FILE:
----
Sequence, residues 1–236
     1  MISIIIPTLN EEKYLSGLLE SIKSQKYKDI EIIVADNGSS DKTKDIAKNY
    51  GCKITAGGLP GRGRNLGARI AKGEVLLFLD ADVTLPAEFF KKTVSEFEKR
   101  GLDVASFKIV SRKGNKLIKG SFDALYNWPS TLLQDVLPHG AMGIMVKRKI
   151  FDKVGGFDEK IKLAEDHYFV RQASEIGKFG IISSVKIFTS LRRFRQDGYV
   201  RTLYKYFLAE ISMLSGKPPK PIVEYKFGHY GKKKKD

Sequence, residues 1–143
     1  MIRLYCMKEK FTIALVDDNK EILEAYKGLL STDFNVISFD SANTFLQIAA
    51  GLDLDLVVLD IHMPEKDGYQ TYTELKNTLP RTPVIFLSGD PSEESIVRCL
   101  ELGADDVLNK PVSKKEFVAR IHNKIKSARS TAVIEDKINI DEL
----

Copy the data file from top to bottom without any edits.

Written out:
Sequence, residues 1–236
     1  MISIIIPTLN EEKYLSGLLE SIKSQKYKDI EIIVADNGSS DKTKDIAKNY
    51  GCKITAGGLP GRGRNLGARI AKGEVLLFLD ADVTLPAEFF KKTVSEFEKR
   101  GLDVASFKIV SRKGNKLIKG SFDALYNWPS TLLQDVLPHG AMGIMVKRKI
   151  FDKVGGFDEK IKLAEDHYFV RQASEIGKFG IISSVKIFTS LRRFRQDGYV
   201  RTLYKYFLAE ISMLSGKPPK PIVEYKFGHY GKKKKD

Sequence, residues 1–143
     1  MIRLYCMKEK FTIALVDDNK EILEAYKGLL STDFNVISFD SANTFLQIAA
    51  GLDLDLVVLD IHMPEKDGYQ TYTELKNTLP RTPVIFLSGD PSEESIVRCL
   101  ELGADDVLNK PVSKKEFVAR IHNKIKSARS TAVIEDKINI DEL